935 F. Supp. 1289
him and Fries, the Court does not credit this testimony. On the contrary, the Court finds that Fries initiated most of the meetings

Although purportedly, Fries did not recall much of what went on during these meetings, curiously, Fries testified that, somehow, Mathie knew his home address and his unlisted home telephone number. Even more surprising, Fries testified that during these meetings, Mathie admitted to committing the murder he was charged with, and Fries conceded that he did not disclose that incriminating information to anyone. Despite the fact that Mathie was indicted for that murder and had not yet pled guilty to that crime, Fries failed to disclose this material inculpatory admission. Not only did he fail to disclose this admission, but he lied to Internal Affairs Investigator Johnson, and initially told the investigator that Mathie did not confess to him.

One of the benefits given to informants was the right to make phone calls from Fries' office. Fries conceded that the plaintiff, although not an informant, was also given that privilege. Asked to describe what occurred in these many visits to his second floor security office, Fries stated that Mathie used his phone to call his attorney and "maybe his mother, maybe his sister." Fries said he had a practice of letting inmates make phone calls from his office, "if he felt it was necessary." The Court finds that Fries never satisfactorily explained what took place in his office during these meetings.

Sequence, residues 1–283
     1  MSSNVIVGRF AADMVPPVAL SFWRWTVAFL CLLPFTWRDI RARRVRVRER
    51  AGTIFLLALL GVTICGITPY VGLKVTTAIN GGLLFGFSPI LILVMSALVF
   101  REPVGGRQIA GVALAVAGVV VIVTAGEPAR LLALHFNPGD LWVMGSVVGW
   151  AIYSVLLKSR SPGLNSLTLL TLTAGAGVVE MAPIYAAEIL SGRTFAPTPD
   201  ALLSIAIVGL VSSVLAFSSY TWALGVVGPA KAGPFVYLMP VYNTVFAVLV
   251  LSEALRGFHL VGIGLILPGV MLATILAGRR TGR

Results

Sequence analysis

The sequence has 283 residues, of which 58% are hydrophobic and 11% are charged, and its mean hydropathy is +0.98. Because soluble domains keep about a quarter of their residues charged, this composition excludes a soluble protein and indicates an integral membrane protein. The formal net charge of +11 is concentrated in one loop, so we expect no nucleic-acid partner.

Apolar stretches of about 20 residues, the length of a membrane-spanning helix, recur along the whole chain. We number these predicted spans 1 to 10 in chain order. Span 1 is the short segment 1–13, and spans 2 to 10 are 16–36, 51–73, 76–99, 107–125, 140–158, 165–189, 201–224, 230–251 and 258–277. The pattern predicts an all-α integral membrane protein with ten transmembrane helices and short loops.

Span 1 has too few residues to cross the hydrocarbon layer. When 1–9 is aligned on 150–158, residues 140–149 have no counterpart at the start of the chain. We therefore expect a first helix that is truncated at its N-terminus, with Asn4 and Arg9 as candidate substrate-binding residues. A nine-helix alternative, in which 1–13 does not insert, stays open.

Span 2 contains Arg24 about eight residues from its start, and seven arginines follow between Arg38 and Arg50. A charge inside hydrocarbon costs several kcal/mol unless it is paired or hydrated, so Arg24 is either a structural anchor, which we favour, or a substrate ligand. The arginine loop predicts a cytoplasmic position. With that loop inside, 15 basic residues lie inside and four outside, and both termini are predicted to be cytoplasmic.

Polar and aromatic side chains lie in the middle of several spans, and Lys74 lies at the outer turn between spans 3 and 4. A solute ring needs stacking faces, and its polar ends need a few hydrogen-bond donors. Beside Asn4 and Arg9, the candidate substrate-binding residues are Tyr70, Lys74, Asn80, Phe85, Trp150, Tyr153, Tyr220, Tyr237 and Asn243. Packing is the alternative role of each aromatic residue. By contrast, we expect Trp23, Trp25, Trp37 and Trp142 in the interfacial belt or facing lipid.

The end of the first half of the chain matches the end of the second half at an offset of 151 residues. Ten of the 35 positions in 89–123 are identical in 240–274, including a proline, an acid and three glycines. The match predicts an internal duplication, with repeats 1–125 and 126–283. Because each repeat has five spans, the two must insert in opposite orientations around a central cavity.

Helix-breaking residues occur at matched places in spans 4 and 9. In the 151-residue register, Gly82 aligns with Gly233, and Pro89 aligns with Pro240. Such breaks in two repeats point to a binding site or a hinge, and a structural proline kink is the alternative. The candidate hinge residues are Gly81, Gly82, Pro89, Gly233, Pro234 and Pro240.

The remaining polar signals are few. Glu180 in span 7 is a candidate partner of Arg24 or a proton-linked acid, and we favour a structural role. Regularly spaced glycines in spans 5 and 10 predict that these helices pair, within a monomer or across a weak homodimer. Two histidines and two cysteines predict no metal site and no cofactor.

On cross-examination, in response to questions by the Assistant County Attorney, Fries testified that he had no sexual contact with Mathie, did not handcuff him to a pipe in the second floor security office and did not sodomize him. Again, the Court declines to credit this testimony; the great weight of the evidence proves otherwise.

The plaintiff Maurice J. Mathie is presently...